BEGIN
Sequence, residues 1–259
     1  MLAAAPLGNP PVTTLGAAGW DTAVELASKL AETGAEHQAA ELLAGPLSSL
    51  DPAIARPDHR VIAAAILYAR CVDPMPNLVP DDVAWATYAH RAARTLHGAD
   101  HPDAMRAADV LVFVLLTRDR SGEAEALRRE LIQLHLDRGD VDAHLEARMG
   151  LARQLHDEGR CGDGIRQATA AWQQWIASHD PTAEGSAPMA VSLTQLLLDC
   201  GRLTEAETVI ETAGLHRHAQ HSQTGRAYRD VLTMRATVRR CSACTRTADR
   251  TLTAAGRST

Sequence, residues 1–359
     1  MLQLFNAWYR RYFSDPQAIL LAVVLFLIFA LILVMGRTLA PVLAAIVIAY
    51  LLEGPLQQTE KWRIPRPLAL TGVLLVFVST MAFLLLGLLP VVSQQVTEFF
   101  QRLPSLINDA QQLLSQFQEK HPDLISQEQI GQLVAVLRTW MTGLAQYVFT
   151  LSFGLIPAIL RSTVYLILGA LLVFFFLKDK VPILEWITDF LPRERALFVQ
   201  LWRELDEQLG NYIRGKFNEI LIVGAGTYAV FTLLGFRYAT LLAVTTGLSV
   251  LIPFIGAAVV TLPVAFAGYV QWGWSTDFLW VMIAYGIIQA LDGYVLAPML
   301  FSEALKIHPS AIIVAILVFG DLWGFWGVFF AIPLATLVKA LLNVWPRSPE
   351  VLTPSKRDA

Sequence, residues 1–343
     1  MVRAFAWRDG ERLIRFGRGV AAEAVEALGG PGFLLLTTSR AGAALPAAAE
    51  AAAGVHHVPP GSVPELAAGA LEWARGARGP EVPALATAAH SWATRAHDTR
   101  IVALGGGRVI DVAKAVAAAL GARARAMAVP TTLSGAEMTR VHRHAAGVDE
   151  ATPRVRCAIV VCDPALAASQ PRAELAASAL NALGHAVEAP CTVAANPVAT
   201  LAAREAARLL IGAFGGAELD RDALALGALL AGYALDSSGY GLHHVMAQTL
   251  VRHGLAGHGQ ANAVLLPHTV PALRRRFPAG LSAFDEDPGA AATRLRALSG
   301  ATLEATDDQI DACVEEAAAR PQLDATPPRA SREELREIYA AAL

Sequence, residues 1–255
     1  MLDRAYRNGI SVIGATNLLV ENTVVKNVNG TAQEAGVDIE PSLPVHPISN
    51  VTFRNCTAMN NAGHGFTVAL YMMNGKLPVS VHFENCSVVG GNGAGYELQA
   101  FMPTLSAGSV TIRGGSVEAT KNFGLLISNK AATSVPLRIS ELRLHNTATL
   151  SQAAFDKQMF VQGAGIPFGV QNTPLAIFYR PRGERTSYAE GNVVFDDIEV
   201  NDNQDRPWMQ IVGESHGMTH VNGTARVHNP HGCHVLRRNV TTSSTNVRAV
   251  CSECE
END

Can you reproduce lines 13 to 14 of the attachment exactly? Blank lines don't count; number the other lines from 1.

   201  LWRELDEQLG NYIRGKFNEI LIVGAGTYAV FTLLGFRYAT LLAVTTGLSV
   251  LIPFIGAAVV TLPVAFAGYV QWGWSTDFLW VMIAYGIIQA LDGYVLAPML